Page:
Backroads and Butterflies

I can’t remember the last time I was outside with my camera, so this weekend I decided I needed to head out into the post-cold front weather. I wasn’t sure what I wanted to shoot or where I wanted to go, but I felt like doing some chilled back road driving, as opposed to spending it on packed freeways. I decided I’d head to a favourite location of mine, the Cape Farms area. A friend, and fellow photographer, Megan Davies – happened to be in Bellville for the weekend and despite not having her digital photography equipment on her, I decided to invite her along – bringing some of her film cameras with her (hipster points).

 

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After the surprisingly short drive from Somerset West to Bellville South, we headed north along the N1, taking the turn off towards Klipheuwel. Over the past couple of years Klipheuwel has become one of my favourite spots to go birding, the roads are generally quiet and it’s easy to pull over to the side of the road should you so choose. The area holds both good and bad memories for me, I originally headed through to twitch the Great Spotted Cuckoo and dipped on it. Since then however, I managed to encounter a Black-Chested Snake Eagle, a species that was on my bucket list.

With some road behind us, I pulled into a small farm entrance that I often stop at (and where I saw the BCSE). We got out and looked around, but there wasn’t much bird life. Just a few hundred meters before we had several Steppe Buzzards perched alongside the road, as well as a Yellow-Billed Kite soar just meters above the car, but apparently they weren’t interested in coming to party with us. Instead we got out and just absorbed the beauty of the detailed, colourful and ultimately vibrant landscape. I jest, the Cape Farms are an eye-sore in the summer most of the time, if you’re lucky you will find a field but otherwise it’s a lot of gravel. In the winter months the area turns bright green and becomes quite an appealing landscape. Never the less, we didn’t let the collage of oranges and yellows deter us, and spent a few minutes enjoying being out in the sun.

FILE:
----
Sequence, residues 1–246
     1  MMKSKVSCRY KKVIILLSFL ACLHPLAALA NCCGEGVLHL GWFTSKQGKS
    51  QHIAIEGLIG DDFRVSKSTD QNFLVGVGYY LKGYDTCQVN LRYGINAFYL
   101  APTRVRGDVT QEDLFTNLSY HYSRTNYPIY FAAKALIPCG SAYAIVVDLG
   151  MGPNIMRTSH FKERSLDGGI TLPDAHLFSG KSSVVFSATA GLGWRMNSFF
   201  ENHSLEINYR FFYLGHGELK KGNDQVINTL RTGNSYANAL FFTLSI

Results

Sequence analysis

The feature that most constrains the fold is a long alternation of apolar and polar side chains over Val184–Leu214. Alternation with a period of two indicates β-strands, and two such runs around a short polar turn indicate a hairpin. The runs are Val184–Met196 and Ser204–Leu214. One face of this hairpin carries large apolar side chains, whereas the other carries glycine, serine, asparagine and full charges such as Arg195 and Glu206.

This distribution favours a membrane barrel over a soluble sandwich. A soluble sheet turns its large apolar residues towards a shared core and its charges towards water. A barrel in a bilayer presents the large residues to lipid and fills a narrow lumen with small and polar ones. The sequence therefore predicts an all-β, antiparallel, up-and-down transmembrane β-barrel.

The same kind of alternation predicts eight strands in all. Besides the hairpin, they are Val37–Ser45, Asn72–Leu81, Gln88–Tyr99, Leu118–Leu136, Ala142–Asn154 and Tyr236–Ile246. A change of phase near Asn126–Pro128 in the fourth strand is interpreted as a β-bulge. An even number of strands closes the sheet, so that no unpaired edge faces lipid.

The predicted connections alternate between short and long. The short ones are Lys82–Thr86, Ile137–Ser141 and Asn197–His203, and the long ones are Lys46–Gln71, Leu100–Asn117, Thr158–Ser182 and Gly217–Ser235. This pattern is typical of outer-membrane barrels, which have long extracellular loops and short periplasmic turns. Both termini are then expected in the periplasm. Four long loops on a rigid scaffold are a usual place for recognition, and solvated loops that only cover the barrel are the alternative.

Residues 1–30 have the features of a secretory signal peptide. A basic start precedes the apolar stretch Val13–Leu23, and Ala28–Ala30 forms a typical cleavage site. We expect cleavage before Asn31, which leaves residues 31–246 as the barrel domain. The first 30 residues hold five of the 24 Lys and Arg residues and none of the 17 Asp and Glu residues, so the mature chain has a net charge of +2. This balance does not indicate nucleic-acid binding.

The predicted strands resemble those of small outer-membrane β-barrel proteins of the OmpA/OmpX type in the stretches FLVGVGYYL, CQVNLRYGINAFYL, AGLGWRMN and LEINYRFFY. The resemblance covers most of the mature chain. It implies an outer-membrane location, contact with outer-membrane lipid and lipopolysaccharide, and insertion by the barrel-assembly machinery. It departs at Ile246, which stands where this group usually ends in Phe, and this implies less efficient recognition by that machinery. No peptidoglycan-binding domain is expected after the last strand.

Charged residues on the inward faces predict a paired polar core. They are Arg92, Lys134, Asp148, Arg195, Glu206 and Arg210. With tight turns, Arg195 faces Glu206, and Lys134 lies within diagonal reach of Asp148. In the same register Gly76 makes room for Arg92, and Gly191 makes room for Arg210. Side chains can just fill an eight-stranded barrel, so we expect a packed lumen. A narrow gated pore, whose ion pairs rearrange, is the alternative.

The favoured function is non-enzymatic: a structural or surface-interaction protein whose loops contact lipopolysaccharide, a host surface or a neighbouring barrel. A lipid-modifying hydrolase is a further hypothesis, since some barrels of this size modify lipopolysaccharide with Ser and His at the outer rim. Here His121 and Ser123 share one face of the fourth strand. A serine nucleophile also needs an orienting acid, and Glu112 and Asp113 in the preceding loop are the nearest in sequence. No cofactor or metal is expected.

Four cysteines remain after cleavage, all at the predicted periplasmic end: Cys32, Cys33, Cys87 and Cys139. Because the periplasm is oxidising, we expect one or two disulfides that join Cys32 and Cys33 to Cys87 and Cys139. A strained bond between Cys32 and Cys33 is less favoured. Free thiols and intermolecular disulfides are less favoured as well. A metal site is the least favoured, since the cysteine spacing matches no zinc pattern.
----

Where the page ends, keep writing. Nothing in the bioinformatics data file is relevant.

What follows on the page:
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I decided that we should go try and find the land of green, that is to say – try and find somewhere that had something planted, that may offer us some better landscape opportunities. Unfortunately even along the road that leads to Philadelphia, the ground was mostly gravel, with only a small patch of vibrant plant life. The spot however did have a windmill, and I’m a sucker for windmills. We spent a few minutes looking for angles or things to shoot, before taking a walk along the road down to a small area of water. While we were there, with my 10-20mm attached, a Lanner Falcon came out from our right and passed just in front of us. I definitely need two cameras that I can switch between on the fly!


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It was now time for lunch (or so I thought), so we headed in the direction of Stellenbosch. While on route, we got discussing bugs which Megan apparently has some interest in, so we decided to make a detour to Butterfly World just north of Stellenbosch. After a scenic drive through the hills, we entered the humid and hot Butterfly World. They house the more exotic butterflies which come from tropical climates, so the humidity and heat always need to be up.


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The whole process of holding or housing animals in captivity can be a controversial one and I am definitely not one for captivity for profit, but even though Butterfly World houses their birds in fairly small aviaries – most of the birds were once pets and have been neglected/donated. In the end, they are ultimately in a better environment than they would have likely been in, in any private owner’s home. We spent about an hour wandering through the different areas, getting photographs of the butterflies, reptiles and birds. It definitely feels weird, and even wrong to be photographing captive birds. But as far as just enjoying being out of the house goes, I was willing to take the guilt on the cheek.


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We stopped off at the Dros on the way back and enjoyed some good food to end the day – the sun was now near to setting and I had managed to spend most of the afternoon out of the house, I felt accomplished. I am hoping that now with a working car, my adventures out of the house may become more prevalent and hope to add some new bird photography blog entries soon too!

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Bryn De Kocks

Bryn is a passionate and opinionated antinatalist and naturalist with a love for nature, the ocean, photography, severe weather and music. He spends most of his time looking for new birds within the Western Cape, taking landscape photographs or behind his computer being a nerd.

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